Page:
Traditional cuisine of Lithuania: what and where to try in Vilnius?
Traditional Lithuanian cuisine in Vilnius

Traditional cuisine of Lithuania: what and where to try in Vilnius?

Traditional Lithuanian cuisine consists of whatever can grow in the backyard. Perhaps that’s why it breaks records for the number of potato dishes. I’ve been traveling to Vilnius for 15 years and know a little less about Lithuanian cuisine than the locals. I will tell you about the local cuisine and what you should try when you are in Vilnius for the first time.

Top list of Lithuanian national dishes

From 1569 to 1795, Lithuania was the Polish-Lithuanian Commonwealth, and the principality was ruled by rich noblemen. They favored gourmet dishes — stuffed game, bull or veal. This is Old Lithuanian cuisine.

Modern dishes belong to the New Lithuanian cuisine (late 18th century), which grew out of peasant traditions. The main thing in it is juiciness, richness and caloric content. The main ingredients are potatoes, pork, dairy products, flour (wheat or rye). Almost completely absent spices (only cumin or marjoram). The dishes are not spicy or savory.

Lithuanian soups

Popular among locals and my favorite soup is šaltibarščiai, a cold borscht based on kefir, beet and fresh cucumbers (grated). Two halves of boiled egg are added to the soup and green onions are sprinkled on top. In a separate plate serve boiled potatoes sprinkled with dill. It is tasty and hearty.

I have tried beet soup on kefir in Latvia and Belarus. In Lithuania, I think it is the most delicious. I recommend starting your acquaintance with Lithuanian cuisine with saltibarsčiai. A portion costs within 1.5—3 €.


Traditional New Lithuanian cuisine is not rich in soups. For example, the most authentic restaurant in Lithuania, Etno Dvaras, has only four items.

Traditional soups in Lithuania:

  • burokėlių — be et soup with sour cream;
  • raugintų kopūstų sriuba — cabbage soup with meat;
  • miško grybų tirštasriubė — mushroom soup in bread.

The Internet often refers to Lithuanian cuisine as sweet soups based on grated black bread with dried fruits. In fact, this traditional dish belongs to Latvian cuisine. There is a colossal difference between Latvian and Lithuanian cuisine. But you won’t get them mixed up now.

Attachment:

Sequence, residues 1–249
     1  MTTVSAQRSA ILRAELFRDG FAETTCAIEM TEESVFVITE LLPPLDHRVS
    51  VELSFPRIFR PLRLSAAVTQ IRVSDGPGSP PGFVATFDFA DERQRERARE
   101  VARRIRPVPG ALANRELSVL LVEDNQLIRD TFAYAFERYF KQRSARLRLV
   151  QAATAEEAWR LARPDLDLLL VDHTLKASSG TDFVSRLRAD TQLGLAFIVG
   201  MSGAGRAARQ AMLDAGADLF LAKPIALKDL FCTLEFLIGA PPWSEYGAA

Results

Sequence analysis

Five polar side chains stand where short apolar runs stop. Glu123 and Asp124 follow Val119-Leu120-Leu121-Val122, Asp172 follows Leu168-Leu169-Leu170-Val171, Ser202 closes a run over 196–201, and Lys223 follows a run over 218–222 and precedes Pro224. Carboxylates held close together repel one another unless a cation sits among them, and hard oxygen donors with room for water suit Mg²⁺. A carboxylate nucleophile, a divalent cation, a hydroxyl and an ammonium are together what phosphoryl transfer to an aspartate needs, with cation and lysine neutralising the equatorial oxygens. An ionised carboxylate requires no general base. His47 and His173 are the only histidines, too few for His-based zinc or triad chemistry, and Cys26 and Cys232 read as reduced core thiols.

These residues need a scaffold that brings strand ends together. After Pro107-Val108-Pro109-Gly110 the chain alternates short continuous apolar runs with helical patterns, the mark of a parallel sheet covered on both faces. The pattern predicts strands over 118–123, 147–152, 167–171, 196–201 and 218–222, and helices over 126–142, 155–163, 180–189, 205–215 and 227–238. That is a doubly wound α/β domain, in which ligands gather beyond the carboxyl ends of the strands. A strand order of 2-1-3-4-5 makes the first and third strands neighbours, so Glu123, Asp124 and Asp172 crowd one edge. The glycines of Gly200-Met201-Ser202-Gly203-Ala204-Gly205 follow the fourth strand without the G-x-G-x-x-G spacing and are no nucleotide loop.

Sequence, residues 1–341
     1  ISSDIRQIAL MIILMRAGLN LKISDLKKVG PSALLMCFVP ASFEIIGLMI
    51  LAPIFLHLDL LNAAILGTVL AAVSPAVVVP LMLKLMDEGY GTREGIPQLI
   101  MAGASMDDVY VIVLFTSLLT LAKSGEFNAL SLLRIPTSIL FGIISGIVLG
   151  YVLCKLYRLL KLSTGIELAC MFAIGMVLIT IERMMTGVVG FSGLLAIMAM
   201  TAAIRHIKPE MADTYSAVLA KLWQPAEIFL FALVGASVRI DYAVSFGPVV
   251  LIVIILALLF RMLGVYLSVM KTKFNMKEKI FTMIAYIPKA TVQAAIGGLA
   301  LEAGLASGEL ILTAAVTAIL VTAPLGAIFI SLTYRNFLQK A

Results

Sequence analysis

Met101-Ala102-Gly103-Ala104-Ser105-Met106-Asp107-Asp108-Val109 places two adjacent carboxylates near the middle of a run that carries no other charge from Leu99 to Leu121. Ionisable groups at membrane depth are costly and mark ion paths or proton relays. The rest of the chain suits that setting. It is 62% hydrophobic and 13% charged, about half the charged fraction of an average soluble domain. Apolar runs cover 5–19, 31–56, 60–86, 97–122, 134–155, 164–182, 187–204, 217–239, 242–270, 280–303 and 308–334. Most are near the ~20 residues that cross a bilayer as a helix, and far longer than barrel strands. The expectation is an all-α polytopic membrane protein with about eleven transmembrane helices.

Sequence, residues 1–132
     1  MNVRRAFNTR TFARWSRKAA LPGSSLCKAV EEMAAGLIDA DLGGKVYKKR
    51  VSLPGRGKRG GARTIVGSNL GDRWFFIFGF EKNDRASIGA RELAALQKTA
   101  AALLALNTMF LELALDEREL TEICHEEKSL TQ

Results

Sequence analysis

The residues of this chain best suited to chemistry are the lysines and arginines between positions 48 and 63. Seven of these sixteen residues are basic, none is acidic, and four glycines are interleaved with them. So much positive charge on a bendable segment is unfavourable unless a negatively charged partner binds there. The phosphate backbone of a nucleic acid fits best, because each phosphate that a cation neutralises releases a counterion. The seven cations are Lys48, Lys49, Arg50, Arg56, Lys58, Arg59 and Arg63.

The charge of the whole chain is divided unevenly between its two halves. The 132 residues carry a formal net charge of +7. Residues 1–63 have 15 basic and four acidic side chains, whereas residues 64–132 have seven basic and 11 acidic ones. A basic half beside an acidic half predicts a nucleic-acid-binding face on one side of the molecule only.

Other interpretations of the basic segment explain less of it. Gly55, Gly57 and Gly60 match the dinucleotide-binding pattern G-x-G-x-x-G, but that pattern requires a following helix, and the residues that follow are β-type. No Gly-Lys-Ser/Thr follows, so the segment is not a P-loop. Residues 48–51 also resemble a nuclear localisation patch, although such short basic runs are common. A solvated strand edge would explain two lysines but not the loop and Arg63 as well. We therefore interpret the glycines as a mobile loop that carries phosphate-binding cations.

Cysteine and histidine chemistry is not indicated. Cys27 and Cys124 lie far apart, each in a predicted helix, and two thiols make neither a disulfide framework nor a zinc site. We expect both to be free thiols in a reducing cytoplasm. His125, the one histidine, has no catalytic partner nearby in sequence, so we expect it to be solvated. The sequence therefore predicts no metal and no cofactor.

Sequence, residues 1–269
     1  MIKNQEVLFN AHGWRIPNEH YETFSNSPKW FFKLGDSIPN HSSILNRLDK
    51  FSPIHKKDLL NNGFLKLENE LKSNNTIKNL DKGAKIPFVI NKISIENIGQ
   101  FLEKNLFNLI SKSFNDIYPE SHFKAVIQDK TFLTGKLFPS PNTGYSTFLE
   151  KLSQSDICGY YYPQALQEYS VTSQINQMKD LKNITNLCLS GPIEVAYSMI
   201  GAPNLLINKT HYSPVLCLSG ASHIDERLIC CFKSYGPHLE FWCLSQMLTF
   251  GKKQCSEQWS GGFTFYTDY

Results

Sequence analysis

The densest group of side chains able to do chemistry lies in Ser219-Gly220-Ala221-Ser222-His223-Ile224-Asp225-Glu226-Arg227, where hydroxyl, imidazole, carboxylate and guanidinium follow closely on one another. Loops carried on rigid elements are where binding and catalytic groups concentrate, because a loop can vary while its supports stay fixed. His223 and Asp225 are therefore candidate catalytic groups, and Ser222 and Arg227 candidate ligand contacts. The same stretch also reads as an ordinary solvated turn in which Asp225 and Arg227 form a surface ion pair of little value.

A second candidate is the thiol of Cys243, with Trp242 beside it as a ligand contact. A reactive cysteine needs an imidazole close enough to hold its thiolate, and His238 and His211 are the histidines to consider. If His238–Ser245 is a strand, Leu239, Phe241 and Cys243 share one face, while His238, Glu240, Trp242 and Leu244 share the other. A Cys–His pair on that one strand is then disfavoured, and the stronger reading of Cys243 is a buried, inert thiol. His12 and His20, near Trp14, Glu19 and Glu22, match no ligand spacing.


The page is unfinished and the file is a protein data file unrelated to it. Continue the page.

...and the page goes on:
Hot Lithuanian dishes

The leader of hot dishes in Lithuanian cuisine is cepelinai — potato cakes with meat filling. The first name of this dish is didžkukuliai — «big dumpling». The second name comes from the shape, which resembles the famous airship.

In Lithuania, zeppelins are sold everywhere: in cafes, pizzerias, pizzerias, cheburenikas and stores. One serving contains two large zrazas with sour cream and scallions. There is a traditional recipe, but in any cafe there are many more variants — author’s and modern ones. For example, in the Etno Dvaras café there are 14 kinds of zeppelins.

In Lithuania, both zeppelins and dijkukuliai are prepared. Zeppelins are made from a mixture of boiled and raw potatoes, dijkukuliai only from boiled potatoes. There is almost no difference in taste.


What else I recommend trying from Lithuanian cuisine:

  • Vederei is a sausage made of potatoes with scallions wrapped in intestines;
  • Kugelis — potato casserole with scallions, eggs and onions;
  • zhemaychu — pancakes made of grated potatoes with meat filling.

Lithuanian cuisine has its own version of dumplings called koldunai. They are almost no different from the dumplings we are used to — unleavened dough and lots of filling. It is a popular dish among locals, and they are prepared both at home and in restaurants. You can find up to 20 types of koldunai with different fillings on the menu of establishments.


Lithuanian appetizers

Lithuanian cuisine has two appetizer options, and both of them are for beer. This is a bit surprising, because beer is not the most iconic drink in Lithuania. It is served with smoked pigs' ears — whole and finely chopped — or rye bread croutons sprinkled with cheese. You can buy snacks at the store, and they are also served with the beer in the establishments.

Lithuanian desserts

One of the most popular and hearty desserts in Lithuania is kibinai: pies made of thin dough with various fillings. The recipe belongs to the Karaites, an ethnic group living in Lithuania. They are rarely sold in Vilnius, but in Trakai they are sold everywhere.